Venerable Fathers, on October 13, 1962, in our message to the world, indicated above, we said: "Having come together from all the nations that are under heaven, we carry in our hearts the corporal and spiritual distresses, the sufferings, the aspirations, the hopes of the people who are entrusted to us. We are very attentive to the vexatious problems that beset them. That is why our solicitude desires to extend first to the humblest, the poorest, the feeblest. Like Christ, we feel ourselves moved with compassion at the sight of crowds that suffer from hunger, misery, and ignorance; and we always remember all those who, not having the desired help, have not yet attained a life worthy of human nature."

For three years we have been in laborious sessions, and what have we proposed? Have we decided on the practical and redeeming examples by which we ourselves would begin the reforms that the modern world expects of us, in our stations, our way of life, our customs, our habits?

In the absence of concrete examples, let us at least give clear and frank responses to the problems of our times.


Condemnation of War

An intervention of the patriarch on November 10, 1964.

A menace of destruction hovers over humanity; it is nuclear armament. And this menace grows from day to day through the increasing number of these infernal devices.

Without entering into physical and scientific considerations, which are beyond us and which cannot be expanded here, we believe that we must raise our voices, for we feel that we are oppressed. From our hearts there springs forth a cry of alarm, a cry of agony, I would even say a cry of despair... And we pray you to do all that is in our power, with whatever effect it may have, to ward off such an evil.

The intervention in favor of peace of two thousand bishops, spread out through the entire world, can be capable of changing the course of history and defending the fate of mankind.

There is talk of a just war. What adequate reason can justify, in sound morality, a destruction which constitutes a true worldwide cataclysm? Can a civilization and peoples be annihilated under the pretext of defending them? And if mankind must disappear in an instant, what is the good of this pastoral on which we have been working so laboriously since the announcement of Vatican II, and for whom is it intended?

Should not the concept of just war in modern times be lived and reconsidered in the light of the present situation? Should not national sovereignty have limits? Should the human community be completely ignored?

Venerable Fathers, all humanity is gasping as it looks to us with haggard eyes, to see what we are going to do. We cannot be silent because of considerations of whatever nature they may be. As faithful guardians of the souls of our peoples, we still have duties in regard to their earthly life. We must speak, speak boldly, speak courageously, like John the Baptist before Herod, like Ambrose before Theodosius, to condemn the use of these infernal devices.

Our Holy Father John XXIII, of blessed memory, has done so in his encyclical "Pacem in Terris." The schema that we are studying "On the Church in the Modern World" also does it in a manner that is clear, but a little platonic. But that is not enough. We must make on behalf of the council a declaration "to the city and to the world" that is clear, frank, and precise.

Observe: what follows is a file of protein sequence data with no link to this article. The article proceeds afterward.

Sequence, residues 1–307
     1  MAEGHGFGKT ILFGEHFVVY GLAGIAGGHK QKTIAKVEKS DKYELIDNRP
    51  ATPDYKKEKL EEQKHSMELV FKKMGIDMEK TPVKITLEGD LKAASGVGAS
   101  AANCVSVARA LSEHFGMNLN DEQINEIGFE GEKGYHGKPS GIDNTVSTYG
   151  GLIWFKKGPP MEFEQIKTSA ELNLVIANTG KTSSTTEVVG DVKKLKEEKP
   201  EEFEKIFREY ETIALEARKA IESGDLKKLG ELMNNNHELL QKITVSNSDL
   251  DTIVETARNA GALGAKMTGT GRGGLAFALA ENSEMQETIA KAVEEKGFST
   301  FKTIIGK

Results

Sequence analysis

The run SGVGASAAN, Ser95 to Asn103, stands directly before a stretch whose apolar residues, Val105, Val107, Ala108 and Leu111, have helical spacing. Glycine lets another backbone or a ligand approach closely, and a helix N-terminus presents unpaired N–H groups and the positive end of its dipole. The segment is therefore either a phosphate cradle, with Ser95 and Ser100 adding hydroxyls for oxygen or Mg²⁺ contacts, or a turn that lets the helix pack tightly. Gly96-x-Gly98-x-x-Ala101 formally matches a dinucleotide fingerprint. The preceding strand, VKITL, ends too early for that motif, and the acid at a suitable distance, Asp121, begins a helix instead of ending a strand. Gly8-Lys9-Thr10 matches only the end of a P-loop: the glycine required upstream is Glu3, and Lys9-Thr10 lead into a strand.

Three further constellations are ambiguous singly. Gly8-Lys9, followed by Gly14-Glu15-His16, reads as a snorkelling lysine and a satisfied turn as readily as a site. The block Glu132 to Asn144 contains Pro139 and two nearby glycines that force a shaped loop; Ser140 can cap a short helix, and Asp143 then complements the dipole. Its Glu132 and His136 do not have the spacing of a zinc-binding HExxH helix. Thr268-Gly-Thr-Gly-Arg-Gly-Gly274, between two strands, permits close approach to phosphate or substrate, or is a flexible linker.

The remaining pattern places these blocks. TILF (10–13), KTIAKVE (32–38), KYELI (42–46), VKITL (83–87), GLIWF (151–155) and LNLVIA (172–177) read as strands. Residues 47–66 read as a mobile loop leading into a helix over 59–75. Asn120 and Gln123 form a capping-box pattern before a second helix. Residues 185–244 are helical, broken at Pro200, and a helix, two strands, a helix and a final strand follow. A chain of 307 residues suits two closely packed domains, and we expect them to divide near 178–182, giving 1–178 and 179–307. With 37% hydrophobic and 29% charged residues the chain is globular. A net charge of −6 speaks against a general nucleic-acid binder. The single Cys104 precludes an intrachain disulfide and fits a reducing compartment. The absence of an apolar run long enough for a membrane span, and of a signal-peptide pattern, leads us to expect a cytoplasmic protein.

This radical condemnation on the part of the Church can grow like a snowball, since all truth contains a force of penetration and of expansion in souls. Other authorities, civil or religious, will be able to follow our example. A worldwide swell of opinion could oblige rulers, shut up in their national concepts, to reflect further. Sanctions of various natures could be foreseen. But always we cannot be silent under the peril of disappointing the world, of disappointing what is noblest in ourselves, and of rendering our ministry fruitless among the peoples.

For the love of Christ, Lover of Mankind and King of Peace, we pray and beseech you to make a solemn and energetic condemnation of all nuclear, chemical, and bacteriological warfare. Let this council address a message to the world, according to the example of the one through whom our conciliar labors began. Let this council condemn, in principle, all nuclear warfare in all its forms, and to demand that the billions saved through disarmament be employed for the relief of a poor humanity, of whom two-thirds do not eat enough to relieve their hunger, and who needs everything.

Venerable Fathers, the history of the past two thousand years has not ceased to view the bishop as "the defender of the city." More than ever, the world today needs these disinterested and courageous defenders. Let us not disappoint the world in this regard. The Church is expected to remain always a pillar of strength and of truth.

  1. Raniero Cantalamessa, The Eucharist: Our Sanctification (Collegeville: The Liturgical Press, 1993) pp. 95-98.  
  2. 2nd Vatican Council, Constitution on the Sacred Liturgy #7 (1963).  
  3. Jean Corbon, The Wellspring of Worship (New York: Paulist Press, 1988), page 67.  
  4. Robert Taft, Beyond East and West: Problems in Liturgical Understanding (Rome: Edizioni Orientalia Christiana, 2001), pages 15-29.